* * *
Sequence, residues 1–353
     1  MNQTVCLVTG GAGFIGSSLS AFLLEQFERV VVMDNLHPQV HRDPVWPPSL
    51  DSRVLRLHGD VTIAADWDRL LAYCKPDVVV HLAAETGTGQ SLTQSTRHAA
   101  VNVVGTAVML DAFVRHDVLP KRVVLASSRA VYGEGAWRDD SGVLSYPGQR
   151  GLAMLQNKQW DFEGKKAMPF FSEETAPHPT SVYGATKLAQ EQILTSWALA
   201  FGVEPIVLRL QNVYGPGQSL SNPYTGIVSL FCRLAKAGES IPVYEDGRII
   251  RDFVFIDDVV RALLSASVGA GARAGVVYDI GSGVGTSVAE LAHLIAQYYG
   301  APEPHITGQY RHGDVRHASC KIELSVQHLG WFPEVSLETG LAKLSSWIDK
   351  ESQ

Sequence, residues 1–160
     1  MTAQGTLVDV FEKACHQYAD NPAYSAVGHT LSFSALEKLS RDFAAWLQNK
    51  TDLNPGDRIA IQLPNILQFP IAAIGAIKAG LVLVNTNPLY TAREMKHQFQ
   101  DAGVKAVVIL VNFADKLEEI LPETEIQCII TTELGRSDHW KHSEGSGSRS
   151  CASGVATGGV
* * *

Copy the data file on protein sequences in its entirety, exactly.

Sequence, residues 1–353
     1  MNQTVCLVTG GAGFIGSSLS AFLLEQFERV VVMDNLHPQV HRDPVWPPSL
    51  DSRVLRLHGD VTIAADWDRL LAYCKPDVVV HLAAETGTGQ SLTQSTRHAA
   101  VNVVGTAVML DAFVRHDVLP KRVVLASSRA VYGEGAWRDD SGVLSYPGQR
   151  GLAMLQNKQW DFEGKKAMPF FSEETAPHPT SVYGATKLAQ EQILTSWALA
   201  FGVEPIVLRL QNVYGPGQSL SNPYTGIVSL FCRLAKAGES IPVYEDGRII
   251  RDFVFIDDVV RALLSASVGA GARAGVVYDI GSGVGTSVAE LAHLIAQYYG
   301  APEPHITGQY RHGDVRHASC KIELSVQHLG WFPEVSLETG LAKLSSWIDK
   351  ESQ

Sequence, residues 1–160
     1  MTAQGTLVDV FEKACHQYAD NPAYSAVGHT LSFSALEKLS RDFAAWLQNK
    51  TDLNPGDRIA IQLPNILQFP IAAIGAIKAG LVLVNTNPLY TAREMKHQFQ
   101  DAGVKAVVIL VNFADKLEEI LPETEIQCII TTELGRSDHW KHSEGSGSRS
   151  CASGVATGGV